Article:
From Wikipedia, the free encyclopedia
Johnny Mullagh, Unaarrimin
Batting style Right-handed batsman (RHB)
Bowling style Right arm bowler
National side Australian
Johnny Mullagh (13 August 1841 – 14 August 1891), was part of the famous 1868 Aboriginal cricket tour of England. He was a skilful all-rounder, being a right arm bowler and right-handed batsman.
He was born in Australia in 1841 on Mullagh Station, a member of the Jardwadjali people, about 10 miles north of Harrow, Victoria, and learned to play cricket whilst working on the adjoining Pine Hills agricultural property. He was given the name “Black Johnny” to distinguish him from a “White Johnny”.
Also known by his traditional name Unaarrimin (he was given the name ‘Mullagh’ to identify him with his place of birth), he played 47 matches on the 1868 England tour, scoring 1698 runs at an average of around 20 on pitches that were often treacherous. . Spectators considered him the equal of any English batter. He also bowled 1877 overs, 831 of which were maidens, and took 245 wickets at 10 apiece. If this weren’t enough, he would occasionally don wicket-keeping gloves, achieving four stumpings.
Few contemporary cricketers better merited the title of all-rounder. His performances were impressive enough for him to join the Melbourne Cricket Club (MCC) as a professional, although he did not remain there for long.
Nineteenth century Australia witnessed severe discrimination against indigenous peoples. Many of those chosen to tour England were left to obscure futures and early deaths once the venture had concluded. One Player, King Cole, died on the trip and of those who returned, seven spent time on a reserve, two vanished and the fate of two others is not clear from the surviving records.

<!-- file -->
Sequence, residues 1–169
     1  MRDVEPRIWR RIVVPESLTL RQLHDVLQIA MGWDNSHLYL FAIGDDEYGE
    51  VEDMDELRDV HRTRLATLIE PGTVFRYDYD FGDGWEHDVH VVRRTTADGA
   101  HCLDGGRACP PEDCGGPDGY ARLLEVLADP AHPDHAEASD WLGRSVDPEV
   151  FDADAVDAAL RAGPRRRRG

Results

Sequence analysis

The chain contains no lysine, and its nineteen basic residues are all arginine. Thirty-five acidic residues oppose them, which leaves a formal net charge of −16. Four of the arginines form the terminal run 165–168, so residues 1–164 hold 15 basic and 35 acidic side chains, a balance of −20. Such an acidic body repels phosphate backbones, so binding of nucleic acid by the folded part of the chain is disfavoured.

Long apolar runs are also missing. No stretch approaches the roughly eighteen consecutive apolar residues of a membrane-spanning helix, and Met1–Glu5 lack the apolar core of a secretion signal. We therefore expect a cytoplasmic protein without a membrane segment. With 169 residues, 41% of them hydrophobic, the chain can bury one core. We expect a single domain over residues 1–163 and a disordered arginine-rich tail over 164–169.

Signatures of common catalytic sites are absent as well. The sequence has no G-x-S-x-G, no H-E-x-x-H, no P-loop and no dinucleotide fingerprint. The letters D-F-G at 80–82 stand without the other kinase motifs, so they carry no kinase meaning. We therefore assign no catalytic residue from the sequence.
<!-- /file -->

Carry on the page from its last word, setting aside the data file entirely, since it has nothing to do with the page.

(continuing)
Unaarrimin was both an independent person and a passionate advocate of indigenous rights, refusing to dwell on state-controlled reserves. His political stance was revealed during a game at Apsley, when, as the players went to lunch, a white participant asked, “What about the nigger?” The captain replied, “Let him have his dinner in the kitchen; anything is good enough for the nigger.” Unaarrimin refused to eat in the kitchen, and sat outside the hotel in protest.
He never appeared in inter-colonial cricket although he did represent Victoria against a touring England side in 1879, top scoring with 36 in the second innings. He was then 38 years old, and instead of going in first-wicket-down as he did for his club, batted at nine and 10.
Maintaining his independence and dignity to the end, Unaarrimin spent his last days living in a rabbitter’s shack. He continued to play cricket until a few months before his death at Pine Hills Station in 1891, one day after his 50th birthday. The Hamilton Spectator described him in his obituary as “the [W.G.] Grace of aboriginal cricketers”.
A memorial was built to honour Unaarrimin and a local indigenous tournament created to vie for the Johnny Mullagh Memorial Trophy.
In more recent times, The Johnny Mullagh Cicket Centre has been established in Harrow. You might find more information at http://www.johnnymullaghcricketcentre.com.au/